No fear of Glass by Sabine Marcelis

At Mies van der Rohe Barcelona Pavilion


No Fear of Glass by Sabine Marcelis at the Mies van der Rohe Barcelona Pavilion. Photography: José Hevia
Until January 12, 2020
Following in the footsteps of Ai Weiwei, Enric MIralles and Ryue Nishizawa, Dutch designer Sabine Marcelis is the latest in a short line of artists with permission to temporarily alter the Mies van der Rohe Pavilion in Barcelona. Her exhibition, presented with Side Gallery and titled No Fear of Glass, includes five new works installed at the iconic architectural structure, and is a beautiful update on Mies’ intention for the space as ‘an ideal zone of tranquillity.’
The Barcelona Pavilion embodies the spirit of 20th-century modern architecture and was first built in 1929. Intended as a reception space for the Barcelona International Exhibition, it was designed to be mostly bare: architecture that was a conduit for the views beyond, a continuous space; blurring inside and outside, containing only the famous (specifically designed) Barcelona chairs and a single sculpture. Since its reconstruction in the 1980s has been a place of pilgrimage for architects from all over the globe.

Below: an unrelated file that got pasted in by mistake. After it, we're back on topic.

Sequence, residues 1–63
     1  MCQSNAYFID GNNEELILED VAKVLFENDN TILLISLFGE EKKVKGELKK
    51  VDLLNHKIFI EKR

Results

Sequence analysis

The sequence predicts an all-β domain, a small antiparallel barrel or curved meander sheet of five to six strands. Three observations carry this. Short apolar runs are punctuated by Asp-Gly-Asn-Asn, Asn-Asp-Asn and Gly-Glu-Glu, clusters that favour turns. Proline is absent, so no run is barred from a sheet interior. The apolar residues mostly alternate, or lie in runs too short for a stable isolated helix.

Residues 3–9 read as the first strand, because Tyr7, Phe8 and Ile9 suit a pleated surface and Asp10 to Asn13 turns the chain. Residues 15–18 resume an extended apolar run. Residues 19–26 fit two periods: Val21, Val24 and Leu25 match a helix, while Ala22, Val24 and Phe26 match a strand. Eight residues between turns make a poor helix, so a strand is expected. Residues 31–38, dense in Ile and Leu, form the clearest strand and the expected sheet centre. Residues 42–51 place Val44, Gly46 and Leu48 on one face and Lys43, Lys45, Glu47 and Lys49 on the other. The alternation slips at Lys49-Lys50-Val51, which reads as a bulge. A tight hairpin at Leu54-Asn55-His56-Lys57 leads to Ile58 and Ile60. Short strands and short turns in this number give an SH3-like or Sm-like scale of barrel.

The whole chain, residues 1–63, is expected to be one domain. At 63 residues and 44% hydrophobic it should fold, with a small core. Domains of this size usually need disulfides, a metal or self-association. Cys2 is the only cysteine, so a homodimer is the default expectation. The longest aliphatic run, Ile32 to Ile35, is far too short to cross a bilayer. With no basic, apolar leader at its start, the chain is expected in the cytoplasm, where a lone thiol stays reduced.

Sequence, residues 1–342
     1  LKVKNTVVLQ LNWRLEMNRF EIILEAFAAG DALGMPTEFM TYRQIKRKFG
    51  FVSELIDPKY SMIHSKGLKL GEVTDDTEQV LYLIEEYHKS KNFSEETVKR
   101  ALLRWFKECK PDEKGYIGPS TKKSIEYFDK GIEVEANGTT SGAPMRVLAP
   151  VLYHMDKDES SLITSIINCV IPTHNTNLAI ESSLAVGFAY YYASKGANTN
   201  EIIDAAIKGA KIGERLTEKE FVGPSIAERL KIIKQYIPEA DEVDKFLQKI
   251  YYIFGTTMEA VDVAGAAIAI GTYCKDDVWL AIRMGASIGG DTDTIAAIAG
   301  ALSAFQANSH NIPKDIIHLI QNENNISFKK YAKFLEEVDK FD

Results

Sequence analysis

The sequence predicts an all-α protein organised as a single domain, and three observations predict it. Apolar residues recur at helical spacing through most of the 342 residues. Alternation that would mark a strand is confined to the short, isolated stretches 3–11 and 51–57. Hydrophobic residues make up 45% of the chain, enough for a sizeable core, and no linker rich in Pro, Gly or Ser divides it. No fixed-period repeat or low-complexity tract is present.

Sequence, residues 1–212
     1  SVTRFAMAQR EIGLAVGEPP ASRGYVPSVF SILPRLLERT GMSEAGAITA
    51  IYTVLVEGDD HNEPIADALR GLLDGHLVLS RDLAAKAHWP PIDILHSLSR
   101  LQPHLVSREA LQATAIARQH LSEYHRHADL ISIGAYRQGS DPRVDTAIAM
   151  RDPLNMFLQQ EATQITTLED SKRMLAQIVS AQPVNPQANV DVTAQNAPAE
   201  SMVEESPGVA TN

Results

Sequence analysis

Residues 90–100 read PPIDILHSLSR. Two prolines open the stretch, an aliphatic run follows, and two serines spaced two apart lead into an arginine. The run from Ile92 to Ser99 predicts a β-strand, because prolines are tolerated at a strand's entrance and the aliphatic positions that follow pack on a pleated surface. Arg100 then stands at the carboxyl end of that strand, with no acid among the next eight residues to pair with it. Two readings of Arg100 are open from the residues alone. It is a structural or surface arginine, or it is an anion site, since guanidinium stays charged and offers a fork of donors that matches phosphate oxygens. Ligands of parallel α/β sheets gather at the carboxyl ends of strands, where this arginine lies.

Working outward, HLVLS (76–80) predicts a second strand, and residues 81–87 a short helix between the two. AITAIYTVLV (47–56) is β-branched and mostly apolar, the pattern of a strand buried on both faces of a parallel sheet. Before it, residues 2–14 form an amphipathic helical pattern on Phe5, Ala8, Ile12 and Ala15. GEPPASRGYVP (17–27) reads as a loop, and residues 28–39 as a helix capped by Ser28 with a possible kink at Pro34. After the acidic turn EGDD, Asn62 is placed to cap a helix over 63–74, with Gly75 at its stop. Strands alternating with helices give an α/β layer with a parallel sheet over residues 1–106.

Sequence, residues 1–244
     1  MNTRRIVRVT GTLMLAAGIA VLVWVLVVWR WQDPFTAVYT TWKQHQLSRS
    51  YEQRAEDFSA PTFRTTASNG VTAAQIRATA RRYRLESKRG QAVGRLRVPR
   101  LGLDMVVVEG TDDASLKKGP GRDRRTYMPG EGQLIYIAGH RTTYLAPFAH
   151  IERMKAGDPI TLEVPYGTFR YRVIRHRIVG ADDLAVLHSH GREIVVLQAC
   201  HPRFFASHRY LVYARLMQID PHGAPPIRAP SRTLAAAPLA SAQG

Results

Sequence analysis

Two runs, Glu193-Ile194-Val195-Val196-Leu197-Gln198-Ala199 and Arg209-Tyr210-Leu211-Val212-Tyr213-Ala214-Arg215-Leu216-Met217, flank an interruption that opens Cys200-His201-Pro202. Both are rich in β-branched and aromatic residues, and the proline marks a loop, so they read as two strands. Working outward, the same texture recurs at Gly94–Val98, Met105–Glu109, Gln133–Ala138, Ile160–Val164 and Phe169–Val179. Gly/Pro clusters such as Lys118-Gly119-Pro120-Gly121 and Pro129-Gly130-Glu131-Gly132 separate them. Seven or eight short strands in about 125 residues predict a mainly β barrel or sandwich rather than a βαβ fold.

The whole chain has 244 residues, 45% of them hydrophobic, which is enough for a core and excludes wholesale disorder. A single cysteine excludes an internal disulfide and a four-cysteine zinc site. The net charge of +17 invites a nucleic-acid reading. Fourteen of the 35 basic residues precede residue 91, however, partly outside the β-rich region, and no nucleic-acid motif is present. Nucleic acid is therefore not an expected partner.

An intimidating commission, perhaps, Marcelis is an apt choice to take it on. As a starting point, she takes the request made to Ludwig Mies van der Rohe to ‘not use too much glass’ in his construction, and makes the material central to her new pieces. She tests it and pushes it to its limits just as Mies van der Rohe and Lilly Reich did with the other materials in their palette nearly a century ago to test their design ideals.
No Fear of Glass by Sabine Marcelis at the Mies van der Rohe Barcelona Pavilion. Photography: José Hevia
No Fear of Glass by Sabine Marcelis at the Mies van der Rohe Barcelona Pavilion. Photography: José Hevia
No Fear of Glass by Sabine Marcelis at the Mies van der Rohe Barcelona Pavilion. Photography: José Hevia